30,000 frame test – Segmentation and Clustering

Over the weekend I ran a 30,000 frame test, thus far the longest test running the predictor and integrated segmentation and clustering system. The temporal instability has lead to many percepts ending up being extremely ephemeral. Following is an image that shows all percepts after 30,000 frames rendering on top of one and other with a white background:


The sky, lit parts of the asphalt, and parts of the trees are well recognized, but the rest of the image is occupied by highly transparent weak clusters. This test was run over a particularly challenging part of the input data where the sun sets behind the trees, the bright sun flares the lens, appears and disappears rapidly, and is bright enough to make the reflection of the camera visible in the glass. Following is the last captured frame for reference, and a histogram that shows the mean value of the masks for each percept, which is what I have been using as a measure of how ephemeral a percept is.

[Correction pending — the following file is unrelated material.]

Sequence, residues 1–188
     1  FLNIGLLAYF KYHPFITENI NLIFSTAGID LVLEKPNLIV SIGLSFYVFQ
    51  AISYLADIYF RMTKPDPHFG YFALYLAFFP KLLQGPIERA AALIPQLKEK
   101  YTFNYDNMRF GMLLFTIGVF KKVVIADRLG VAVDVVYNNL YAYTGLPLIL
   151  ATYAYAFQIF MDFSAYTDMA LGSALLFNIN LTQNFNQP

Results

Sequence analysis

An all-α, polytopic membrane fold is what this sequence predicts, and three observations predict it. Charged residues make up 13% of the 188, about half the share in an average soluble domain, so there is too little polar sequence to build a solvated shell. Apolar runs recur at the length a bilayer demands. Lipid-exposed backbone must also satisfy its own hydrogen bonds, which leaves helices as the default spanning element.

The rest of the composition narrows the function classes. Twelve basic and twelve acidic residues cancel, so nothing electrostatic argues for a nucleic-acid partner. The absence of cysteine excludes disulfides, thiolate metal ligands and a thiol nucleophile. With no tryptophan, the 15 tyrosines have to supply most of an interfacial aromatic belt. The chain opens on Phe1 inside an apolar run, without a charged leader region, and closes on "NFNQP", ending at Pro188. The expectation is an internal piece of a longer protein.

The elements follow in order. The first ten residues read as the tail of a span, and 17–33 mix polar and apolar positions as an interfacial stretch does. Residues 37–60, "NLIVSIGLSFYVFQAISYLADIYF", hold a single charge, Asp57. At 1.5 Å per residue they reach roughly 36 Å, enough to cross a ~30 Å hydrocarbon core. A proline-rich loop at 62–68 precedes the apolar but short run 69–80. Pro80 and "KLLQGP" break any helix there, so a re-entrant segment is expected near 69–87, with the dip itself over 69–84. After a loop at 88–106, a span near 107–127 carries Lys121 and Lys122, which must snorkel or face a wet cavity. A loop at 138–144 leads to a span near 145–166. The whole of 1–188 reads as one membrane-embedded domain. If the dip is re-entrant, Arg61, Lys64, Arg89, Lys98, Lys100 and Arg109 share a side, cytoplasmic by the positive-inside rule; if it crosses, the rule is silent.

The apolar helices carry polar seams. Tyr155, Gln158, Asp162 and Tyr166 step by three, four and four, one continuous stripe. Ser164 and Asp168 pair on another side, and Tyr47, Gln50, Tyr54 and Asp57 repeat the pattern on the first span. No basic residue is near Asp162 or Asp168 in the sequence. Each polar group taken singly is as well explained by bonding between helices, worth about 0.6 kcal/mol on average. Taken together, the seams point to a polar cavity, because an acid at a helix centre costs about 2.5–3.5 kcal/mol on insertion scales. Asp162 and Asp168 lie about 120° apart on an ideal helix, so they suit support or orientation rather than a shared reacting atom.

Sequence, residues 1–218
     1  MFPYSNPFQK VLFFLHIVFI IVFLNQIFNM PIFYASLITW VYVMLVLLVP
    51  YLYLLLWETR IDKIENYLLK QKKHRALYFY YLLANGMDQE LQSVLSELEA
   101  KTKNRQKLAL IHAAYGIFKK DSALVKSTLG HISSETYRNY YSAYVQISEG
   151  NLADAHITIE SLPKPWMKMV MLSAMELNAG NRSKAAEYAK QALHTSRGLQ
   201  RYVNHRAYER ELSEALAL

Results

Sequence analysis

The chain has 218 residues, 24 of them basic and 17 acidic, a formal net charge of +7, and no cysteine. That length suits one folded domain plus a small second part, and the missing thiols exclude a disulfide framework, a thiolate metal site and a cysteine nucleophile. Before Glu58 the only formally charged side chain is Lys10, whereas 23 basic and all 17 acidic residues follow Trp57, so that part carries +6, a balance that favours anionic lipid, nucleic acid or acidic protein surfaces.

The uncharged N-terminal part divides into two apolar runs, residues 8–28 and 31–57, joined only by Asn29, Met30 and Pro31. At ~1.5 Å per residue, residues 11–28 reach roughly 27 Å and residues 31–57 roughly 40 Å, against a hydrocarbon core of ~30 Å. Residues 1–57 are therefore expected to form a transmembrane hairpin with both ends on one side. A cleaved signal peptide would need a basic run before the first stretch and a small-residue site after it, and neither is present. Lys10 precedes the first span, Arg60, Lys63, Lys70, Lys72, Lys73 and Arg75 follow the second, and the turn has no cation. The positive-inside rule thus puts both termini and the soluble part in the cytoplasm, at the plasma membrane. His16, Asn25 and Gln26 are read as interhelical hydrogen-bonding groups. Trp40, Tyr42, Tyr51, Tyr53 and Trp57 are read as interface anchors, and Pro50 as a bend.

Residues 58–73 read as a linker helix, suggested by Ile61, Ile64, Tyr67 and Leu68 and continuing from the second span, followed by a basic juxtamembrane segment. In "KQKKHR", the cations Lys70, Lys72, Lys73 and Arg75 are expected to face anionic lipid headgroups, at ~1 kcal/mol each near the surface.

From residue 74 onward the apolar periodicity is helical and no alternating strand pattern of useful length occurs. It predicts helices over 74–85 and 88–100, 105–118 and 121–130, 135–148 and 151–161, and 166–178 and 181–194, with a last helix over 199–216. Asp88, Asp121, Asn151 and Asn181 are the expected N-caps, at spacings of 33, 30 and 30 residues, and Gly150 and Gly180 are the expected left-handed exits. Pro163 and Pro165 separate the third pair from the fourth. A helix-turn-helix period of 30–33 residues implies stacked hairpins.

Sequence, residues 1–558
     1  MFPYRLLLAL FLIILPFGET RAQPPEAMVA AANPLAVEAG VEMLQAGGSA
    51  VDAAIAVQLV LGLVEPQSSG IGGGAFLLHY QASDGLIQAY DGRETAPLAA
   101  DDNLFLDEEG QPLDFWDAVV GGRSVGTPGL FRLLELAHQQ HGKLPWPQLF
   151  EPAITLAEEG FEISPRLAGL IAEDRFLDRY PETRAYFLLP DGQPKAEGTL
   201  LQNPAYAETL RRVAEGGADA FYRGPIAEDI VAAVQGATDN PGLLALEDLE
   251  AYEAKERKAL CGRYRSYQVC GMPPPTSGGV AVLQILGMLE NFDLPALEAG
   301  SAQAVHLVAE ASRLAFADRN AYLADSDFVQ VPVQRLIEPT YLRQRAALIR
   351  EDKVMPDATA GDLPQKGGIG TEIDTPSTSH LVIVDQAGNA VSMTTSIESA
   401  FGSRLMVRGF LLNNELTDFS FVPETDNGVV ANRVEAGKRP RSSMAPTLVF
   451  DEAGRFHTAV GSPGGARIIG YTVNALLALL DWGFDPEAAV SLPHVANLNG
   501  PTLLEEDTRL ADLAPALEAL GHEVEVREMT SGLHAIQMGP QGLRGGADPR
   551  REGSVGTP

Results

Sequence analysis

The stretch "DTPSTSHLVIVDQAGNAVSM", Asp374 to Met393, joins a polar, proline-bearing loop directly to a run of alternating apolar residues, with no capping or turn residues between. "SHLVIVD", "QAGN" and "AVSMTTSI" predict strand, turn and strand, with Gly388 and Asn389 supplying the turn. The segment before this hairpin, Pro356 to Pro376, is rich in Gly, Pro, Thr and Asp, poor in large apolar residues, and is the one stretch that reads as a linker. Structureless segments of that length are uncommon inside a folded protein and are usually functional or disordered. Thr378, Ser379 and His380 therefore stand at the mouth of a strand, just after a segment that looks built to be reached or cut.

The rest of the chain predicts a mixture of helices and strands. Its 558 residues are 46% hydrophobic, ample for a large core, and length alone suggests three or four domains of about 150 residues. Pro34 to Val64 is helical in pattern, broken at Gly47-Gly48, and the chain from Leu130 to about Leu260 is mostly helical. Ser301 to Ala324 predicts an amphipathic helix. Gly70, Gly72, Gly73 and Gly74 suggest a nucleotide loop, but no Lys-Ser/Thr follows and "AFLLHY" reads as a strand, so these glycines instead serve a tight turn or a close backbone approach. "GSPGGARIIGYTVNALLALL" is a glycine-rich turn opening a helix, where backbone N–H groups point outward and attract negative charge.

Following are renderings of the 100 percepts whose masks have the greatest and least means, respectively:



One idea to deal with this is to filter the percepts based on their degree of ephemeral quality and remove them. This would drop the number of percepts in the system and allowing new ones to take their place. Unfortunately, this is not feasible because it would change the meaning of the slots in memory which would interfere with the predictor training, which requires a static number of percepts which only change their content gradually.